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A Plan to Make Mortgage Affordable and Reduce Repo Homes

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By : John Cutts    99 or more times read
Last February, just as repo homes filings in the country reached more than 290,000, representing a 30 percent increase from a year ago, the Obama Administration launched its Homeowner Affordability and Stability Plan to help distressed homeowners reduce their mortgage payments through refinancing or loan modification.

The rapid spread of repo homes has been blamed by economists and lawmakers on reckless borrowing and irresponsible lending. Since August 2007, about 1.2 million repo homes were reported while 11 percent of mortgages were on the brink of foreclosures.

An estimated 12 million homeowners have mortgages that surpassed the fair market value of their properties, while about 4 million were behind on their mortgage payments. And to top it all, both home prices and sales plummeted to an all-time low.

The $75 billion repo homes prevention plan is expected to help distressed homeowners protect their properties from foreclosures and stabilize the housing market.

Under the refinancing component of the plan, troubled borrowers whose mortgages are owned or backed by Federal Home Loan Mortgage Corp. and Federal National Mortgage Association may be eligible to change their mortgages into 15-year or 30-year fixed-rate loans.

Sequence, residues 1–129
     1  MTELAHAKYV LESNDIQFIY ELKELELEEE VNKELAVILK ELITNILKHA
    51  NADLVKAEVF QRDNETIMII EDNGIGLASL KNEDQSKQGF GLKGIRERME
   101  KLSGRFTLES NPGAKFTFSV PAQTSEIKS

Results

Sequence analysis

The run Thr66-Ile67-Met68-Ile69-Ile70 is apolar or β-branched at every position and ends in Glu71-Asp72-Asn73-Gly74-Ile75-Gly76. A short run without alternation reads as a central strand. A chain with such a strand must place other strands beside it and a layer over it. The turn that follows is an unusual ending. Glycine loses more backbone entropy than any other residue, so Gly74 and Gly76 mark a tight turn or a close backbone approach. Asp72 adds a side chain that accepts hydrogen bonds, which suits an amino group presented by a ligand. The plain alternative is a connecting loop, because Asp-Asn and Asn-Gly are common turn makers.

The refinancing plan is expected to help nearly 5 million distressed homeowners whose loans are owned and backed by the two government-sponsored enterprises. To qualify, homeowners must not be behind on their mortgage payments for over 30 days in the past year and they must owe not more than 105 percent of the fair market value of their properties.

Meanwhile, the loan modification component allows mortgage servicers to voluntarily lower interest rates to allow troubled borrowers to save their properties from being added to the growing list of repo homes. The federal government would subsidize a portion of the amount needed to reduce borrowers’ mortgage payments.

For the almost 4 million distressed homeowners targeted by the loan modification plan, they must not be behind on their loan payments or on the verge of defaulting to qualify for this component of the repo homes prevention plan.

Qualified homeowners may take advantage of reduce monthly payments to 31 percent of gross income.

Another program aimed at reducing the number of foreclosure properties is aimed at first-time homebuyers. They will be given tax credits of almost $8,000 for every foreclosed home they will purchase from January 1 to November 30, 2009.

The affordability plan is part of the $275 billion foreclosure prevention plan of the Obama Administration.
John Cutts has been educated in the finer points of the foreclosure market over 5 years.

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